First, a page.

What do female consumers want from companies? The answer is simple: They just want them to be good.
In 2007, Self magazine released results from a study titled GOOD, which examined how women react to cause marketing. Its findings encouraged cause-supporting companies to make the move from telling consumers about how the company was giving back, to telling consumers how they were helping the company give back—the consumer feels better about herself when she supports "good" companies.
Self recently released GOOD 1.5, which delves deeper into women's responses to cause marketing and is relevant given how different the economy is from 2007. Cynthia Walsh, executive director of marketing for Self, said that while many marketers expect consumers to care less about "good" in this environment, the opposite is actually true.
"Eighty-one percent of women polled said it's now more difficult to give to causes herself. This makes women feel bad about themselves, so they're looking to brands to help them do good," Walsh said. Similarly, 80% expressed concern that companies will cut back on giving back.
The study also shows that women's emotions around supporting causes have changed. Back in 2007, they wanted to give back because it was the "ethical" and "socially responsible" thing to do as an "informed" person. Since the economic downturn, they're driven by more human emotions—it's now the "caring, generous, unselfish" thing to do.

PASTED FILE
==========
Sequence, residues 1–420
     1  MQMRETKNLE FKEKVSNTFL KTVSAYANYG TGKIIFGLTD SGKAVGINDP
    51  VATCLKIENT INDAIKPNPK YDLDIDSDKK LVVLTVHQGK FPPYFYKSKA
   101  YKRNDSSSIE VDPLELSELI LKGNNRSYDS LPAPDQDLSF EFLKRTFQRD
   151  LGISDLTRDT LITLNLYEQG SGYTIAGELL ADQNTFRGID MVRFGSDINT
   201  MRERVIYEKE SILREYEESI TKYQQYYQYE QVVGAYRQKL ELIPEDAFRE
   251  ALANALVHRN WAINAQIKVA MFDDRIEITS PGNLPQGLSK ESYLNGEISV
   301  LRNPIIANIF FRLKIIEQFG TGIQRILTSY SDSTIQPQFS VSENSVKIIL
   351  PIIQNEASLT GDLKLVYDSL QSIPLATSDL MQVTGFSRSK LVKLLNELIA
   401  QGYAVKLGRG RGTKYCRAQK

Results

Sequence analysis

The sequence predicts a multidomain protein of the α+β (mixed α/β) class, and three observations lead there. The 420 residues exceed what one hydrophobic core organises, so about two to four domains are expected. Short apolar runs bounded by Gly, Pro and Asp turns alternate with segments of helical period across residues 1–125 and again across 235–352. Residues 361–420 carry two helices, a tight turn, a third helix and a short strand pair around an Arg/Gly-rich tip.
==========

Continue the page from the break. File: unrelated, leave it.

Walsh said it has become increasingly important for companies to publicly promote their causes. Many companies cite skeptical consumers as the reason they don't market their cause—but win over a skeptic, and gain a hyper-loyal consumer. Walsh cited Product Red as a great example—when the organization went to Rwanda to distribute AIDS medication to children (a journey that was made possible by consumers' purchases), they blogged about the experience and added images to their Web site, giving consumers a personal look at how they helped others.
The takeaway? Women want to see companies stand up for a cause, even in this economic environment, and even if it costs them a little more—73% said they would pay more for a "good" product.